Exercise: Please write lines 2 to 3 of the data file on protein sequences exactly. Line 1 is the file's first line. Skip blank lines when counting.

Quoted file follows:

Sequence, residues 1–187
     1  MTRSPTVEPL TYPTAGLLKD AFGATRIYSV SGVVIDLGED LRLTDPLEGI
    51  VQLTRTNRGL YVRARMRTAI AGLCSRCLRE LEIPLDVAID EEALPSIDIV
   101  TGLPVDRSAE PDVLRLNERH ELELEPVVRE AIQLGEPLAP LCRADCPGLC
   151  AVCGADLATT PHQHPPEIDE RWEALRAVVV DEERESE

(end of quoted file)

     1  MTRSPTVEPL TYPTAGLLKD AFGATRIYSV SGVVIDLGED LRLTDPLEGI
    51  VQLTRTNRGL YVRARMRTAI AGLCSRCLRE LEIPLDVAID EEALPSIDIV